By the time Ludendorff called off Operation Georgette on May 1, 1918, both sides had suffered another round of nauseating losses. On the Allied side, British casualties stood at over 80,000, including killed, wounded, missing, and prisoners, while the French suffered around 30,000 casualties, and the unfortunate Portuguese Expeditionary Corps was devastated by the loss of a third of its total strength. On the other side the Germans had suffered at least 85,000 casualties in all categories—an intolerably high price, drawing down significantly on the roughly million men freed up from the Eastern Front—in return for few strategic gains and no strategic breakthrough.

THE AMERICANS ARE COMING

In fact, the conquests would soon become a positive liability, as the Germans were left holding longer defensive lines while the Allies drew strength from the arrival of more and more American troops. By the end of April 1918 there were 434,081 U.S. troops in France, while 245,945 more would embark for the continent in May alone. Stateside, the massive construction and training program was producing vast numbers of fresh troops: By June 1918, the U.S. Army’s total strength would approach 2.4 million and counting.

Although the Americans naturally took some time to learn the vagaries of trench warfare, usually starting in a relatively quiet sector along their French and British allies, during the dark days of the first German offensive General Pershing had committed to sending American troops wherever they were needed in the Allied line. Floyd Gibbons, an American war correspondent, described the scenes as the doughboys (widely considered overpaid) passed through Paris while moving up to the line in France:

"Other American troop trains had preceded us, because where the railroad embankment ran close and parallel to the street of some nameless faubourg, our appearance was met with cheers and cries from a welcoming regiment of Paris street gamins, who trotted in the street beside the slow moving troop train and shouted and threw their hats and wooden shoes in the air. Sous and 50-centime pieces and franc pieces showered from the side doors of the horses’ cars as American soldiers, with typical disregard for the value of money, pitched coin after coin to the scrambling move of children."

After more than a year of waiting, ordinary British and French civilians were surprised and relieved to finally see the long-promised troops arriving in large numbers. Vera Brittain, a young British woman serving as a volunteer nurse’s aid in France, remembered her initial mystification on encountering doughboys for the first time:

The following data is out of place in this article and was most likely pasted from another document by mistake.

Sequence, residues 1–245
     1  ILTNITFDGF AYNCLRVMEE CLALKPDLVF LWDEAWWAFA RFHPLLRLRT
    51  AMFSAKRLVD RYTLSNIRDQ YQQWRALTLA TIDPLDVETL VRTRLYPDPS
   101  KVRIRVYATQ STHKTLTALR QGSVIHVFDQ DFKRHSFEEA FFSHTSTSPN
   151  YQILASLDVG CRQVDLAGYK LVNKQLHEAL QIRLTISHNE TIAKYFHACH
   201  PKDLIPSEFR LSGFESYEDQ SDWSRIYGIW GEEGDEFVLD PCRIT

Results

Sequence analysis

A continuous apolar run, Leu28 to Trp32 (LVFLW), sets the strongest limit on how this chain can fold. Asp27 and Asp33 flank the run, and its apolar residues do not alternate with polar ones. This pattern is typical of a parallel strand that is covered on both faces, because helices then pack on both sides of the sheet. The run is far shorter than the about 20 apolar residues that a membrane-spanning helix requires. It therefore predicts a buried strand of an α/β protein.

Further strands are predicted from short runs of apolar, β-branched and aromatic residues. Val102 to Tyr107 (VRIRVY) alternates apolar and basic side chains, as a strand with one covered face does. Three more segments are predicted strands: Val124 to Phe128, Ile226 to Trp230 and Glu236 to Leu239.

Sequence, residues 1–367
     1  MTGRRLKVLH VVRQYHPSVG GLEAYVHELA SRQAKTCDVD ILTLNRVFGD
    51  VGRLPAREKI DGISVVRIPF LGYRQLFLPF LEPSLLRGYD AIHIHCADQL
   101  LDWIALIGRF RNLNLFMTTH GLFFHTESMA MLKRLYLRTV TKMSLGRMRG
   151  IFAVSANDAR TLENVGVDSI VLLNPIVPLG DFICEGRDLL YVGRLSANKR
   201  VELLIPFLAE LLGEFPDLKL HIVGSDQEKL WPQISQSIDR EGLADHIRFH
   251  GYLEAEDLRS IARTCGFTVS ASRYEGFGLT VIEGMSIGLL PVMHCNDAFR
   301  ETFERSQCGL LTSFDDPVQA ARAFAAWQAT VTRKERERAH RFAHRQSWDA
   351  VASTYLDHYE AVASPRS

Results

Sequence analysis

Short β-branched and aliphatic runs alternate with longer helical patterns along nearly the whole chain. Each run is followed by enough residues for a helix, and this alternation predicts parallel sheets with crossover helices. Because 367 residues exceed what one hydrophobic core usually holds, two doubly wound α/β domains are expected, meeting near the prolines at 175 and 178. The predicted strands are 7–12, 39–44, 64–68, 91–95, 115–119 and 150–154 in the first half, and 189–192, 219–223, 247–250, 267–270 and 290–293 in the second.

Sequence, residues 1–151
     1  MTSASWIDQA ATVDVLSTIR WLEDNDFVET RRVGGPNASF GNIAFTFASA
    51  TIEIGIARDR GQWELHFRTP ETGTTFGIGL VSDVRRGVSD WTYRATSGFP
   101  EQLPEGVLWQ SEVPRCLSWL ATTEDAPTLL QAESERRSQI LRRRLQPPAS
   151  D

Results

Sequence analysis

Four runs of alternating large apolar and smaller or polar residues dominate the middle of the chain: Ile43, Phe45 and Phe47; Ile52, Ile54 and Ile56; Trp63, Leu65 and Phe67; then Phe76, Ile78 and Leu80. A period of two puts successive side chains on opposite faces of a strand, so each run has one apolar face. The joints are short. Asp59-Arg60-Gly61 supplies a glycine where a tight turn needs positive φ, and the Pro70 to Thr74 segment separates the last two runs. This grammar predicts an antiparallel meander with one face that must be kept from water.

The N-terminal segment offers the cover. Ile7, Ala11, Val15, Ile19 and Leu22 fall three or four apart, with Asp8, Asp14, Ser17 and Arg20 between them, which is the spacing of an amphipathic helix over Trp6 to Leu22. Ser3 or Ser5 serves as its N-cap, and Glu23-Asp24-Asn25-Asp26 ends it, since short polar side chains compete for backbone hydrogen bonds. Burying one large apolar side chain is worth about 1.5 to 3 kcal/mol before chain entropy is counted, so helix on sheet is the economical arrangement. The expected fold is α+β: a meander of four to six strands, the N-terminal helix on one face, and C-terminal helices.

"They were swinging rapidly towards Camiers, and though the sight of soldiers marching was now too familiar to arouse curiosity, an unusual quality of bold vigor in their swift stride caused me to stare at them with puzzled interest. They looked larger than ordinary men; their tall, straight figures were in vivid contrast to the undersized armies of pale recruits to which we had grown accustomed … 'Had yet another regiment been conjured out of our depleted dominions?' I wondered ... But I knew the colonial troops so well, and these were different; they were assured where the Australians were aggressive, self-possessed where the New Zealanders were turbulent. Then I heard an excited exclamation from a group of sisters behind me. 'Look! Look! Here are the Americans!' I pressed forward with the others to watch the United States physically entering the war, so god-like, so magnificent, so splendidly unimpaired in comparison with the tired, nerve-racked men of the British Army. So these were our deliverers at last, marching up the road to Camiers in the spring sunshine!"

See the previous installment or all entries, or read an overview of the war.

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Topical Press Agency/Getty Images
WWI Centennial: July 4 in France
Topical Press Agency/Getty Images
Topical Press Agency/Getty Images

Erik Sass is covering the events of the war exactly 100 years after they happened. This is the 312th installment in the series. Read an overview of the war to date here.